• blood in the saliva and mucus
  • hoarseness or an altered voice
  • loss of appetite and weight loss
  • pain or difficulty when swallowing
  • fatigue and weakness
  • swelling in the face, veins of the neck, or both

As cancer progresses through stage 3, it starts to affect other parts of the body.

The person may have bone pain, jaundice, and other symptoms.

Treatment for cancer can be aggressive. All the treatment options can lead to further symptoms and complications.

For more information on the complications of lung cancer, click here.

In most cases, doctors will treat stage 3 lung cancer with a combination of treatments:

Chemotherapy: This is often effective in treating lung cancer.

Radiation therapy: This may be useful in some cases. It can shrink a tumor before surgery,

Surgery: This can help in situations where cancer is not yet widespread. A surgeon may remove all or part of a lung, and any nearby lymph nodes where cancer has spread.

Targeted therapy: This involves drugs that target specific factors in the body. These factors, which may be genes or proteins, encourage the growth of cancer cells. Blocking them may prevent or delay the spread of cancer.

Immunotherapy: This is an emerging type of treatment. The doctor will give drugs that can enhance the way the immune system fights cancer.

Laser therapy: This uses a laser beam to kill cancer cells.

Endoscopic stent: If a tumor blocks an airway, a surgeon may use an endoscope to insert a stent. This can help keep the airway open.

Some people opt to participate in clinical trials. This can give them access to new medicines and techniques that are not otherwise available. Researchers only carry out clinical trials when scientific evidence suggests that a treatment is likely to be safe.

Palliative care and managing symptoms

A person with stage 3 lung cancer may experience pain or discomfort that stems from their cancer or the treatment they are receiving. Many people also experience depression and anxiety.

People should speak to their doctor about these problems, as they can often help. They may prescribe medication or recommend counseling, for example. They may be able to recommend a local or online support group that can help.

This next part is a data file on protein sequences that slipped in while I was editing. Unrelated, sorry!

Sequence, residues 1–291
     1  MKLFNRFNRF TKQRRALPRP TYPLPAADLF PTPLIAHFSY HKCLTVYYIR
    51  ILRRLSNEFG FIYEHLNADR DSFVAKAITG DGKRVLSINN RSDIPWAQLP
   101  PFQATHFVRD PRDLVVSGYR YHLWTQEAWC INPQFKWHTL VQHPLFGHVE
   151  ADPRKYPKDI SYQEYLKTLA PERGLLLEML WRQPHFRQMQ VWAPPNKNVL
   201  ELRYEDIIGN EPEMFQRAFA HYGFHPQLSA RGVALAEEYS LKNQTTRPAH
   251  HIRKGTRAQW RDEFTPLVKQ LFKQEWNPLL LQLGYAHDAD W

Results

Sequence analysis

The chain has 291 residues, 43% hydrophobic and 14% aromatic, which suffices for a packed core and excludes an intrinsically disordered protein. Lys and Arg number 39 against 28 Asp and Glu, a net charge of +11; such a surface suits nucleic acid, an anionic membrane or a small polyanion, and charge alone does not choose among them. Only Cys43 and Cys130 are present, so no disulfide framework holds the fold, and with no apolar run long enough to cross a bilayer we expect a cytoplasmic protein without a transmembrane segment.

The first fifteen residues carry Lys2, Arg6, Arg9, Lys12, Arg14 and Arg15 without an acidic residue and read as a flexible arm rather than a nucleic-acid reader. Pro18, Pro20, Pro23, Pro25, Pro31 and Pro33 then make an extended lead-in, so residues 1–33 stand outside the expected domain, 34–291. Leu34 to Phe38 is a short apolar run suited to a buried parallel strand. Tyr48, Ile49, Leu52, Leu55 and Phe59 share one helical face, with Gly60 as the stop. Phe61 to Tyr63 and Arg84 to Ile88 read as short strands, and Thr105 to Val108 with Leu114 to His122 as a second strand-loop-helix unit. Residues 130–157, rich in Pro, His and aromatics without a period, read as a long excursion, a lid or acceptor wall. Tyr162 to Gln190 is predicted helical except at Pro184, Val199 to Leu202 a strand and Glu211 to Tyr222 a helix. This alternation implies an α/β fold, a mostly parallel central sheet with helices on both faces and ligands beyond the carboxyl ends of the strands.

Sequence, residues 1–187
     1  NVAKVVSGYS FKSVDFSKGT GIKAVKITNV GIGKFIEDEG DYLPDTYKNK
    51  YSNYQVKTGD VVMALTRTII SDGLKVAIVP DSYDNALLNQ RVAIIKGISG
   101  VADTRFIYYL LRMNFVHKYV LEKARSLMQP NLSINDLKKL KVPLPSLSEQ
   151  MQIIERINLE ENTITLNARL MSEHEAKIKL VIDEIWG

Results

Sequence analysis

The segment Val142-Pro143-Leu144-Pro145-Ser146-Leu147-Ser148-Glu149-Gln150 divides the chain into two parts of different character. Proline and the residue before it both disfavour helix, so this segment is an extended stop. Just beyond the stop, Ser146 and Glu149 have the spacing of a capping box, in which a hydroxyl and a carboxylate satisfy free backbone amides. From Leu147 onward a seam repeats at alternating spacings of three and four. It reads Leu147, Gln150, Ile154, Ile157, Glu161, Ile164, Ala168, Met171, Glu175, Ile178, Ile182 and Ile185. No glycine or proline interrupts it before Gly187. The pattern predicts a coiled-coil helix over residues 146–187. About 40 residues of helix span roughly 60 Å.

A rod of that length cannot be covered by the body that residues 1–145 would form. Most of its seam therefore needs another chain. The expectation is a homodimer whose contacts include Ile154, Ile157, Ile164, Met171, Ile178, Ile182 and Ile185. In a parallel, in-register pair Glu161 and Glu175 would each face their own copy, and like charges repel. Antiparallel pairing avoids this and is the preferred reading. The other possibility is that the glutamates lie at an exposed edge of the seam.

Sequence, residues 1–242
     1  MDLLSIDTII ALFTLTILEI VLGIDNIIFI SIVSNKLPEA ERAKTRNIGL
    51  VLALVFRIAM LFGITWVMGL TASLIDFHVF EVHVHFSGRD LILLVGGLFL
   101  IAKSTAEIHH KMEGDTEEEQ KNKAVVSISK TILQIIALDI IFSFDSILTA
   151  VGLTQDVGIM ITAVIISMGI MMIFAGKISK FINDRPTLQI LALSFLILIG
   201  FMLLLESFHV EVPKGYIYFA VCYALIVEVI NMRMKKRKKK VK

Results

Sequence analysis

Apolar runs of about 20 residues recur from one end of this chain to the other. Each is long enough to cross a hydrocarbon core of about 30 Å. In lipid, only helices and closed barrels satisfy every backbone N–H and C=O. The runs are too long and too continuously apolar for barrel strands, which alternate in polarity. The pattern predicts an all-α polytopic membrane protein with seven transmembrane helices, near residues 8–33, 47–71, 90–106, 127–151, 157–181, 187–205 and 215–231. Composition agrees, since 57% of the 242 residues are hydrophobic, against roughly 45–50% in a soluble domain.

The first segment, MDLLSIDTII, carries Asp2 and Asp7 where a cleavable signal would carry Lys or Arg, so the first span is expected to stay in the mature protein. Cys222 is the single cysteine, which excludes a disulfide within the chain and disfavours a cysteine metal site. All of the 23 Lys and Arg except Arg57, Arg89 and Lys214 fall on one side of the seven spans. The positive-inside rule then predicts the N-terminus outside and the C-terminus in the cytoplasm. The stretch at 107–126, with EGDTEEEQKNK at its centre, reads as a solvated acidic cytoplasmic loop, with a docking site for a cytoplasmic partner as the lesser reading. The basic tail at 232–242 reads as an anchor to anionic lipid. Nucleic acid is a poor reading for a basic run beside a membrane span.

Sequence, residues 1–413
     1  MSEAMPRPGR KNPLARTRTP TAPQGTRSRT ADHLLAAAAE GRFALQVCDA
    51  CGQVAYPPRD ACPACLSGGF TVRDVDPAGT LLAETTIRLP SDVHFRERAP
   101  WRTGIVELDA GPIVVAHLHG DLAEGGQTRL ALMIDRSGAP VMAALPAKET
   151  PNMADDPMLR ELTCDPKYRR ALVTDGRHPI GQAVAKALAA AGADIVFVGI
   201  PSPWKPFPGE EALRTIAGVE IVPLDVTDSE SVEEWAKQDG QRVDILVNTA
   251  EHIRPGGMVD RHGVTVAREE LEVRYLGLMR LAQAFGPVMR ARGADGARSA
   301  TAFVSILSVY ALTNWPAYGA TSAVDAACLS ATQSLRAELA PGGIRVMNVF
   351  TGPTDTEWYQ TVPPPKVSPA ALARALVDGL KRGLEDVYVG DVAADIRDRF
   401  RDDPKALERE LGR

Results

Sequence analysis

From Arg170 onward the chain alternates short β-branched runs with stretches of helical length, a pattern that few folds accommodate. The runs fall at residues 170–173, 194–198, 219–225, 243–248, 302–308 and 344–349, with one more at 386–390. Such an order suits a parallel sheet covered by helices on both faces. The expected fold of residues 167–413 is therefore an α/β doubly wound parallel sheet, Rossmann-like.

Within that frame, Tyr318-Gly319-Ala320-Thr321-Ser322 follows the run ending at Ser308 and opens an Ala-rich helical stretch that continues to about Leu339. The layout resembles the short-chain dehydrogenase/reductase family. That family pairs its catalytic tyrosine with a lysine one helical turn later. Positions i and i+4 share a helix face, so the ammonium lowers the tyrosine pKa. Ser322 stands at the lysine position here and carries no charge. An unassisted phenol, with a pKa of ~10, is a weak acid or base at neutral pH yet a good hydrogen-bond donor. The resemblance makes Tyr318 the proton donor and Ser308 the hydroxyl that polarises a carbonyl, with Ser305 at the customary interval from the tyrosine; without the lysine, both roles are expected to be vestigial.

Complementary therapies

Some complementary therapies may enhance a person's health and help them feel more comfortable during treatment.

These include:

  • quitting smoking and avoiding second-hand smoke
  • eating healthfully
  • getting exercise
  • relaxation techniques, such as massage therapy and yoga

Anyone with a diagnosis of cancer should follow their treatment plan and their doctor's instructions. There is no scientific evidence that any supplement, diet, or other therapy can cure cancer.

Anyone who is considering taking supplements or making another significant change to their lifestyle should speak to their doctor first.

Making the right dietary choices may boost a person's health, even with a diagnosis of stage 3 cancer. Find out more here about foods to eat and avoid.

Factors affecting treatment decisions

The treatment plan for each person will depend on various factors, including:

  • the stage of the cancer
  • the type of cancer
  • the ages and overall health of the individual
  • personal preferences

Many people with stage 3 lung cancer will undergo the most aggressive form of treatment possible, as this may give a better chance of survival. A doctor will discuss the pros and cons of the available options at this stage.